When it comes to the premise of Sherlock Holmes’ final days, most of us have a very specific image in mind. It usually involves Sherlock Holmes locked in some epic battle with eternal nemesis James Moriarty, before the two of them destroy each other from the top of a massive waterfall. This despite the fact that Moriarty played absolutely no role in any Sherlock Holmes story before or after, the fight took place entirely off the printed page, and we all know that Holmes went on to have many other adventures after surviving his trip to Reichenbach Falls.
In truth, the ultimate fate of Sherlock Holmes was never recorded, at least not by Sir Arthur Conan Doyle. But I think we all somehow knew that he’d go out with a bang.
From the character’s explosive introduction to the big-budget spectacle of the Robert Downey Jr. films to the compelling suspense thrillers of the Benedict Cumberbatch tenure, Sherlock Holmes has always been treated as a figure larger than life. He could solve the most convoluted problems, he could subdue the most hardened criminals, he could escape the most dangerous predicaments, and he had even succeeded in cheating death. If Holmes wasn’t immortal, then it would surely take something unimaginably huge to bring him down.
So here we have Mr. Holmes, about an aging Sherlock Holmes played by none other than Sir Ian McKellan. Sounds awesome, right? Even if the character is getting up there in years, we’ve all seen McKellan continue to kick ass well into his seventies and there’s no reason to think that Holmes would be less formidable at that age.
To think this way would be a grave mistake. Or maybe it would be playing into the movie’s hands. I’ll try to explain.
The story primarily takes place in a small country farmhouse where Sherlock Holmes has retired to be a beekeeper. The whole world knows of the great detective, but Holmes has been quite successful at maintaining his privacy. After the artistic license constantly taken by Dr. Watson (which Holmes himself frequently complained about in the source material), compounded on top of further artistic license taken by the illustrator (such as Sidney Paget’s invention of the deerstalker cap, never once mentioned in Conan Doyle’s writing), further compounded by the myriad film adaptations (almost solely responsible for the “elementary” catchphrase), no one could ever connect the actual man to the myths he inspired.
Anyway, Holmes is in his nineties by this point, and he’s interested in finding homeopathic remedies to help with his encroaching senility. This explains his beekeeping occupation, as royal jelly is thought to have certain medicinal properties. When that stops working, Holmes goes on a trip to Japan in search of prickly ash to slow down the loss of his faculties. And for whatever incredibly stupid reason, Holmes goes and uses prickly ash taken directly from the dust bowl that used to be Hiroshima. Because of course eating something that grew in so much radiation is perfectly safe.
I only mention all of this because the search for homeopathic remedies isn’t merely an end in itself. There is a reason why Holmes is trying to get his memories back, and this brings us to the main thrust of the plot.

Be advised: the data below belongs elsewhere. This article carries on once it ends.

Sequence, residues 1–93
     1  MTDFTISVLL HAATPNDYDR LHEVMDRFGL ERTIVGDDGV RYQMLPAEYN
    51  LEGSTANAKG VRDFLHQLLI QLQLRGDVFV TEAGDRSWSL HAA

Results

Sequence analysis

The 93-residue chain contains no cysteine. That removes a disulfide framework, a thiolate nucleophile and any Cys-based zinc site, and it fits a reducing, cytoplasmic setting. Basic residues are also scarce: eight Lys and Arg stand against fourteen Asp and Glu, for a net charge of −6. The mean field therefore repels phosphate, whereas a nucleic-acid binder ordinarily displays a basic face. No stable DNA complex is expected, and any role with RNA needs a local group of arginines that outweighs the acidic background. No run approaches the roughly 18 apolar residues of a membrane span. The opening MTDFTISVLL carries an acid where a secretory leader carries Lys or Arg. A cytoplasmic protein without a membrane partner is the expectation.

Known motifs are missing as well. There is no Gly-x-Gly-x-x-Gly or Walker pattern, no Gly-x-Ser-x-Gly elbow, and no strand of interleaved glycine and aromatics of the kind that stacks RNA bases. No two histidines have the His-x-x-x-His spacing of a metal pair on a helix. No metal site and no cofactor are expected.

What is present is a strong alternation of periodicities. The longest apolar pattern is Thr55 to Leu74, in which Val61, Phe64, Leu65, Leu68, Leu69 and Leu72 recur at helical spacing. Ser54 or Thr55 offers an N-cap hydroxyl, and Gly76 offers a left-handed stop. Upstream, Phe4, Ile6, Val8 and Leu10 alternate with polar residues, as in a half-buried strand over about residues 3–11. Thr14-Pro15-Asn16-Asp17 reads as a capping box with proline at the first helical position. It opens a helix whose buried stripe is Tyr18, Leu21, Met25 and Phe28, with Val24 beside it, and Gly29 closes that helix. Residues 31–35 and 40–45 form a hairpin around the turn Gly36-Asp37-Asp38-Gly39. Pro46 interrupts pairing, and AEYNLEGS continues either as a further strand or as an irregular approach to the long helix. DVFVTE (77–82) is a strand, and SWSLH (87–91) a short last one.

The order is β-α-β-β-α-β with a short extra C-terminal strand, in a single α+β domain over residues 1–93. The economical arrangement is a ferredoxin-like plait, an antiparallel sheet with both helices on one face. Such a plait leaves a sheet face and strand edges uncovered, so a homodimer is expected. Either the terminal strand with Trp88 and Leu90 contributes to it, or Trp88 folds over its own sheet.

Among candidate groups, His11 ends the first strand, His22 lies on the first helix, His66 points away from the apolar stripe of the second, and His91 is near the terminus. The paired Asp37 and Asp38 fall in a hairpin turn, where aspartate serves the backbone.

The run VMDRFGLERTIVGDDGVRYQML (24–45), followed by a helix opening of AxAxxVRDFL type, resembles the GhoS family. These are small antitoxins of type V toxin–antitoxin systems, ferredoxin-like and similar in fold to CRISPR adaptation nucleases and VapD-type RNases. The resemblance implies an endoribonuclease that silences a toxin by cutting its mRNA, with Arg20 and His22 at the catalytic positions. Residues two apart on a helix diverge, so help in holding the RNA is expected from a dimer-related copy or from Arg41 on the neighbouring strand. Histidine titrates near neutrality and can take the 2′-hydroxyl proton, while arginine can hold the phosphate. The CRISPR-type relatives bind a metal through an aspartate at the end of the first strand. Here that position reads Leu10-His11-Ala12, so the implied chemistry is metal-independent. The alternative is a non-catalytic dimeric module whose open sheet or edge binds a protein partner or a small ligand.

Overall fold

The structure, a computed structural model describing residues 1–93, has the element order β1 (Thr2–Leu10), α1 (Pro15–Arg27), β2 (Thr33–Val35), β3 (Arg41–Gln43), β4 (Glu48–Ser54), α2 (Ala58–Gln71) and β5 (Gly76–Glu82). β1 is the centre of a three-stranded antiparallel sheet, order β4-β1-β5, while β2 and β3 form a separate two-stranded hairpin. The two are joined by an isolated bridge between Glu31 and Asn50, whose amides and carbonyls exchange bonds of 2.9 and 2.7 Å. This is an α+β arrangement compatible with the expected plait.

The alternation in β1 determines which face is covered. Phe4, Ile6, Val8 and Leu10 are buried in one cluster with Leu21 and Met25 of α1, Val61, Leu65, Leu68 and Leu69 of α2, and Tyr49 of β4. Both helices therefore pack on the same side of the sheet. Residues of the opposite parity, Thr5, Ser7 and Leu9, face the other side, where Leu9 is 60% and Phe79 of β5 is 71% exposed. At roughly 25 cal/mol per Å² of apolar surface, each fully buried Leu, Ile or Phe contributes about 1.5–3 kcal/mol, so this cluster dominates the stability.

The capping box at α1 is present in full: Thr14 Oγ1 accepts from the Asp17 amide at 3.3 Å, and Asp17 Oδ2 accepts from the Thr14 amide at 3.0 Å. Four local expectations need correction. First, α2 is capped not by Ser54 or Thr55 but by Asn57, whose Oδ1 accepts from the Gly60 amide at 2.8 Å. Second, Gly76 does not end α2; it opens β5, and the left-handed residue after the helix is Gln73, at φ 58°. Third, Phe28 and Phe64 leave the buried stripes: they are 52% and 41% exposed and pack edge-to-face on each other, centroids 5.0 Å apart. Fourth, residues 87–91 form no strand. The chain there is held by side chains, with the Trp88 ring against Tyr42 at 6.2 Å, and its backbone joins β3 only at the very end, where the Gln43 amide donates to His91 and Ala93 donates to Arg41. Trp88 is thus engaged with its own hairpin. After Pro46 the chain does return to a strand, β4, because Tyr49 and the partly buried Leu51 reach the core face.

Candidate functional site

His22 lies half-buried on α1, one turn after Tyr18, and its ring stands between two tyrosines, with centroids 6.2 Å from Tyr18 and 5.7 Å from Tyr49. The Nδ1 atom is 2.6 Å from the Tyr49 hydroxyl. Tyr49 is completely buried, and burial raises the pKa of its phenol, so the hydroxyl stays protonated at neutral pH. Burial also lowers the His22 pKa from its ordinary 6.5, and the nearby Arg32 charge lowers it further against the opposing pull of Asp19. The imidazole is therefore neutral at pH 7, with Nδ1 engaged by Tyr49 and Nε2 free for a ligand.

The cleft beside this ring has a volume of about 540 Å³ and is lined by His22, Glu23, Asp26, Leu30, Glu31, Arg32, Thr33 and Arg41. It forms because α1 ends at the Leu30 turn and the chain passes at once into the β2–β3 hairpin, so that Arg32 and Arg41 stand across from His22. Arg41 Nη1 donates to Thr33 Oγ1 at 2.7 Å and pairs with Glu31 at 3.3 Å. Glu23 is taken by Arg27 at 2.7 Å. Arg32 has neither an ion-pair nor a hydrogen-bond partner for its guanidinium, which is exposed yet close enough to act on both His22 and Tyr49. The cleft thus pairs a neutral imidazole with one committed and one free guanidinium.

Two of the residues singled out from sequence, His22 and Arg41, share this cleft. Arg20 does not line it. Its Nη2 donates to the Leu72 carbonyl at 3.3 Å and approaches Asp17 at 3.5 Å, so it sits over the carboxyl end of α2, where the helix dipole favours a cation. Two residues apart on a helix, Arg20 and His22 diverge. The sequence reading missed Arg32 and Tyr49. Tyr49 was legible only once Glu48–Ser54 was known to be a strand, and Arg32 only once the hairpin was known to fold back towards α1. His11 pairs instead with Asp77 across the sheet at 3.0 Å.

After his brother and Dr. Watson have both passed on, Holmes is moved to revisit his old cases. He’s particularly interested in his last case (invented for the movie, as far as I can tell), both reading Dr. Watson’s account of it and watching a film adaptation of the story in question. And he hates it. Not only is everything presented in cartoonishly melodramatic fashion, but nothing in the story adds up in any logical way. So Holmes decides to write down his account of that case and set everything straight before he dies.
The only problem is, he can’t remember what really happened. So Holmes writes down the story in fits and spurts throughout the running time, as his memory is jogged by certain discoveries and epiphanies in addition to the simple act of writing it all down.
Thus the movie jumps between two different time periods: One in which Holmes is in his seventies and one in which Holmes is in his nineties. And McKellan’s transition from one to the other is astonishing. When we see Sherlock on the case, McKellan brings that glint in his eye. We can see the intellect, the wit, the persistence, and the energy that made Sherlock Holmes such a powerful force of personality, all honed and refined by so many years of experience. McKellan makes it all look effortless, likely because the character and the actor are both living legends and they know it.
But then the flashback ends and we’re back to watching a formerly brilliant mind slowly wasting away and trapped in a frail old body. McKellan shows that same strength of spirit, only now it’s in a painful and constant conflict with his own mortal limitations, and it’s a wonderful performance. Though to be fair, it certainly helps that the film doesn’t need to establish the stakes. We already know how brilliant this man used to be and why it’s such a tragedy that his mind and body are wasting away because he’s goddamn Sherlock Holmes!